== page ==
With its original e-tron, Audi was one of the first luxury European automakers to offer an electric vehicle. Last year, it expanded its lineup with the more affordable Q4 e-tron. Slotting between two gas-powered models, the smaller Q3 and the larger Q5, the Q4 e-tron is an all-electric compact luxury SUV. It has a lot going for it but it’s not the only small European luxury EV vying for your attention. Another top option is the Volvo XC40 Recharge. It’s based on the brand’s stylish XC40 but is powered by electricity instead of gasoline. The car experts at Edmunds compare them to find out which one is the better buy.
PERFORMANCE AND RANGE Audi offers the Q4 e-tron in two powertrain configurations: a single-motor base version that makes 201 horsepower and a dual-motor all-wheel-drive setup good for 295 horsepower. The latter variant accelerated from 0 to 60 mph in a respectable 5.7 seconds in Edmunds’ testing. It also delivered responsive handling and proved to be plenty maneuverable in tight parking lots.
The XC40 Recharge is also agile and tossable, but it has the bonus of being significantly more powerful. The XC40 Recharge is offered in a single impressive configuration: a dual-motor all-wheel-drive layout with 402 horsepower. Not surprisingly, the Volvo was quicker in testing, needing just 4.5 seconds to reach 60 mph. Additionally, the XC40 Recharge offers a full one-pedal driving mode that allows it to come to a stop without the driver touching the brake pedal. In the Audi, you still have to touch the brakes to fully stop.
On paper, the XC40 Recharge’s 223-mile battery range is disappointing. The similarly priced Tesla Model Y Long Range, for example, has an EPA-estimated range of 317 miles. That said, the small Volvo SUV performed better in Edmunds’ real-world range tests. A 2021 model with a lower 208-mile EPA estimate managed to travel 240 miles, so you can likely expect a newer one with the higher estimated range to exceed that. A dual-motor Q4 e-tron has an EPA-estimated range of up to 242 miles and was also able to beat that in Edmunds’ testing, going 270 miles. The single-motor Q4 e-tron, which Edmunds hasn’t range-tested, offers the most of the group here, with an EPA-estimated 265 miles.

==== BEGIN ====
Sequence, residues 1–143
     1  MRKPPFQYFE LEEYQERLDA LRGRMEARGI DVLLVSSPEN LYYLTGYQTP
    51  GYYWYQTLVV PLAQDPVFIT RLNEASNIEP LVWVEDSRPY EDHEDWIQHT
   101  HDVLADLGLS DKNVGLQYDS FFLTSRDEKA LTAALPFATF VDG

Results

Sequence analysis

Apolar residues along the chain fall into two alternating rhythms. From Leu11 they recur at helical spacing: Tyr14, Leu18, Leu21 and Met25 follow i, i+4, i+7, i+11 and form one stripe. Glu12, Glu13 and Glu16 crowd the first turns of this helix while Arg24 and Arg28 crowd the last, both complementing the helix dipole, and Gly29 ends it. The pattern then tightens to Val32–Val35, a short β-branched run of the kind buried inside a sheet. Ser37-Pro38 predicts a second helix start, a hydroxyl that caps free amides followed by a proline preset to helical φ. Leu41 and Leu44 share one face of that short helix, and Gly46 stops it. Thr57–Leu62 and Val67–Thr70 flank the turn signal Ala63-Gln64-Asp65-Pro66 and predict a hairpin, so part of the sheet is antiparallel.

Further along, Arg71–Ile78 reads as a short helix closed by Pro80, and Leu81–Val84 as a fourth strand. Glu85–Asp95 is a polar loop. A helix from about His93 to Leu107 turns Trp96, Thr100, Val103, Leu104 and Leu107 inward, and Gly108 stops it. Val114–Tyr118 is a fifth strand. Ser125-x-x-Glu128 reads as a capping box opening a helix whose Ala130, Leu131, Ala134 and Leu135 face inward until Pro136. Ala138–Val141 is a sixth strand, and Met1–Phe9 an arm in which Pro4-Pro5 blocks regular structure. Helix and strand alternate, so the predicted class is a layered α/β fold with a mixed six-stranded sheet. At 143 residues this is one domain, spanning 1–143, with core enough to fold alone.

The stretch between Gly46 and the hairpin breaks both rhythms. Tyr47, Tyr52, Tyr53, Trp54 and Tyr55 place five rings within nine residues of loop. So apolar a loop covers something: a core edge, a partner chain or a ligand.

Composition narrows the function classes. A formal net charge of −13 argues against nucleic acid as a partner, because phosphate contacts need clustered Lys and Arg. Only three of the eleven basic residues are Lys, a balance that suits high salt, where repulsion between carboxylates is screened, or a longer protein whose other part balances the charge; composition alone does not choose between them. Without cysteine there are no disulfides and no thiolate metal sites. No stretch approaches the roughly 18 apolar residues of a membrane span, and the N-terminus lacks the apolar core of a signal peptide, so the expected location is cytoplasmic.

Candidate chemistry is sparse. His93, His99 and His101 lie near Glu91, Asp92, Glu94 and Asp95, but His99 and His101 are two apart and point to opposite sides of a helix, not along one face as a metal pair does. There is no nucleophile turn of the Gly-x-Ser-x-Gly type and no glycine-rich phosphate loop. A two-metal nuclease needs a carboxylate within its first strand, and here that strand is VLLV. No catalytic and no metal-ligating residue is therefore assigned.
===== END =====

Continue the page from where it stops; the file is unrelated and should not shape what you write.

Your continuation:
This category comes down to personal preference. The Audi can likely go farther on a single charge, but the Volvo is more entertaining to drive.
INTERIOR AND TECH The Q4 e-tron’s cabin is proof that Audi knows how to design an interior. It’s modern and classy with a distinct upscale feel. For the most part, the materials are top-notch, though there are some hard plastics that feel out of place. The wide 11.6-inch central touchscreen is responsive and has menus that are easy to navigate. There’s also an available premium audio system tuned by speaker manufacturer Sonos that provides an immersive listening experience.
The XC40 Recharge’s interior is cleanly designed with premium touches that are understated but noticeable once you’re sitting inside. The seats are comfortable but might not feel luxurious enough for some. The XC40 Recharge uses a Google-based in-car operating system that integrates many apps like Google Maps, Spotify and the voice-controlled Google Assistant. These features can be pretty handy but require a steady data connection to work at their best.
Both electric SUVs are fairly spacious for their size. The cargo room behind the rear seats is about the same, but one advantage the Volvo enjoys over the Audi is a small front trunk or “frunk” that can fit a small bag or other odds and ends. It’s a close call, but Audi’s interior wins for its poshness and less finicky infotainment setup.
Winner: Audi Q4 e-tron
PRICING AND VALUE The Audi has the lower starting price at $50,995, but with the base Q4 40 e-tron you have to make do with far less power than the Volvo, which starts around $55,000. But if you want to load up either model with some of the premium features you’d want in a luxury car, the XC40 tops out for less money. While the Audi Q4 50 e-tron is a closer match in terms of power, it quickly eclipses the XC40 in price and makes less power than its Scandinavian rival.
Warranty coverage is about the same for both, though the Volvo includes two years of free maintenance. Neither qualifies for a federal tax credit under the latest legislation.
Winner: XC40 Recharge Electric
EDMUNDS SAYS Between these two EVs, we’d pick the XC40 for its quicker acceleration, adequate real-world range, and comfortable and stylish interior. But if your main priority is range, you’d likely be better served by the Q4 e-tron.
This story was provided to The Associated Press by the automotive website Edmunds. Alex Nishimoto is a contributor at Edmunds.